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One more reason “high carbon levels” are a good thing: CO2 protects rainforests and at-risk wildlife species


Scientists and world leaders who are convinced that the world is facing a crisis they refer to as catastrophic man-made global warming have implemented policies to turn the situation around. These measures include taking steps to reduce carbon emissions and entering agreements like the Paris Climate Agreement.

Scientists are also aware that trees are reservoirs of stored carbon and that when trees are cut down they release this carbon into the air. They, therefore, recognize that preventing deforestation will reduce the amount of carbon released into the air, which they believe will help curb global warming.

With this in mind, there has been renewed focus worldwide on protecting what are known as “high carbon” rainforests.

Large-scale and extractive industries like the palm oil giants of Asia have been responsible for massive amounts of deforestation. The United Nations and other organizations have been working with these agricultural companies to institute policies of “zero deforestation,” and have also been allocating conservation areas to protect forests that are known to retain large amounts of carbon.

A research team from the Durrell Institute of Conservation and Ecology (DICE) at the University of Kent, set out to discover the effects of such conservation areas on resident wildlife in the forests of Borneo – an area threatened by palm oil conversion. They were excited to discover that when high carbon rainforests are protected, biodiversity increases and the numbers of endangered mammals increase exponentially. Their study was published in the Journal of Applied Ecology.

The study abstract explains:

[W]hen using high-resolution, locally validated biomass data, diversity demonstrated positive relationships with carbon for threatened and disturbance-sensitive species, suggesting sensitivity of co-benefits to carbon data sources and the species considered. [Emphasis added]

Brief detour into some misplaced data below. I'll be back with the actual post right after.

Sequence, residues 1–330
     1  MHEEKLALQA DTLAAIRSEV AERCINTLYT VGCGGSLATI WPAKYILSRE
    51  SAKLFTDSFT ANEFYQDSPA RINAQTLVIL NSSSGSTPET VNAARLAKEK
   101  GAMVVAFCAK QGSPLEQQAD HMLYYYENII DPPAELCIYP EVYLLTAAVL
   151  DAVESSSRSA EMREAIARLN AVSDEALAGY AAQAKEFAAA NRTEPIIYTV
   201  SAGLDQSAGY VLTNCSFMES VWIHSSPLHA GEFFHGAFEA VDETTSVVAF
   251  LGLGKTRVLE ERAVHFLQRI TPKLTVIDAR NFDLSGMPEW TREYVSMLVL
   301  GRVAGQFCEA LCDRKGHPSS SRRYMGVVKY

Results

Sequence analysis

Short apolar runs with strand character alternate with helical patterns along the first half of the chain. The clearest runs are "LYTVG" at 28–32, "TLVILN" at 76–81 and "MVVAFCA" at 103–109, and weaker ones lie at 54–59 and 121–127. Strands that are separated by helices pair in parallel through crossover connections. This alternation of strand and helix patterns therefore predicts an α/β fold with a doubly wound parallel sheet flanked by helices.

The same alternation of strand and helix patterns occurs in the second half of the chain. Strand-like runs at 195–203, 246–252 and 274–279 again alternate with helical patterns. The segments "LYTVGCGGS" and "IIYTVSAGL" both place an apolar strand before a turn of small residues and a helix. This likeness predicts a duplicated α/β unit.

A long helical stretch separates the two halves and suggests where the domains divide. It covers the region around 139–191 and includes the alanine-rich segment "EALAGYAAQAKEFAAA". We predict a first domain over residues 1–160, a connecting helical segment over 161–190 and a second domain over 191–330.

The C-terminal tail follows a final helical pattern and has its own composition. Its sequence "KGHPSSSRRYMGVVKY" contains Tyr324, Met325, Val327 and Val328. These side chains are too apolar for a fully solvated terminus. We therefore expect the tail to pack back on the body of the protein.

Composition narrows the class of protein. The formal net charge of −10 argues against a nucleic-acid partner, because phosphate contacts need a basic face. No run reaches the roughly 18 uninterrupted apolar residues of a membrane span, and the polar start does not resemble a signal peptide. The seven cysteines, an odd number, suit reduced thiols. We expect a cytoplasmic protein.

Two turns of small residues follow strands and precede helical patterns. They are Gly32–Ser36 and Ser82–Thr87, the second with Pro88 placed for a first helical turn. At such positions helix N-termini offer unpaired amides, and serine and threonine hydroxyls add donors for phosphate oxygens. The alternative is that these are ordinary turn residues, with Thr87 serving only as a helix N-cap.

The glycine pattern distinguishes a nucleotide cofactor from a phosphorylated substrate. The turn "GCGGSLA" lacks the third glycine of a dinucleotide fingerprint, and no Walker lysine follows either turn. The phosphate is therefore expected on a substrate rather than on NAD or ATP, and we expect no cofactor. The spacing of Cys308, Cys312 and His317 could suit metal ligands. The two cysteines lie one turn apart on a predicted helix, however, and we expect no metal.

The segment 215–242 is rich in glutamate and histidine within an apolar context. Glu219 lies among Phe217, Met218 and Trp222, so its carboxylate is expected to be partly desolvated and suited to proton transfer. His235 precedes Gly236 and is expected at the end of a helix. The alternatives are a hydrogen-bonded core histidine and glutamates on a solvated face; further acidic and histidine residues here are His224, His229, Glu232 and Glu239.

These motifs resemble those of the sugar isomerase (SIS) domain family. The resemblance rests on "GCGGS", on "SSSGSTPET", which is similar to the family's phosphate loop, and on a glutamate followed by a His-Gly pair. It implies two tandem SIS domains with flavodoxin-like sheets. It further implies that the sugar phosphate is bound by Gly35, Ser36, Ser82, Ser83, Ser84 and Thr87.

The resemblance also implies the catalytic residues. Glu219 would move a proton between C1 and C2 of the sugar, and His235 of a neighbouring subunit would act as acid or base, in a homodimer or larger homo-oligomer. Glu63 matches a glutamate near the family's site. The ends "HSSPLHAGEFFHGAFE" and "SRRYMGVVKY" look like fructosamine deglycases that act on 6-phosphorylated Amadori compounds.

Species most vulnerable to deforestation, like orangutan and clouded leopards, benefited more than any others from the higher carbon levels. (Related: What do mining and chocolate have in common? Deforestation of rainforests.)

Lead author, Nicolas Deere, was able to confirm the link between the higher carbon levels and the increase in endangered species numbers by combining the results of camera-trap images and high-resolution satellite imagery.

When standard carbon maps were consulted the correlation between higher carbon levels and biodiversity was not visible, but when high-resolution maps were used to identify carbon resources it became clear that high carbon levels support the greatest number of mammal species. (Related: If you care about the real issues facing our planet be sure to bookmark Environ.news.)

The study’s authors believe that their work has implications for government and other policymakers because it proves that protecting high carbon forest areas has “strong potential for biodiversity conservation,” particularly in areas vulnerable to palm oil extraction.

Sources for this article include:

Kent.ac.uk

OnlineLibrary.Wiley.com

TheGuardian.com

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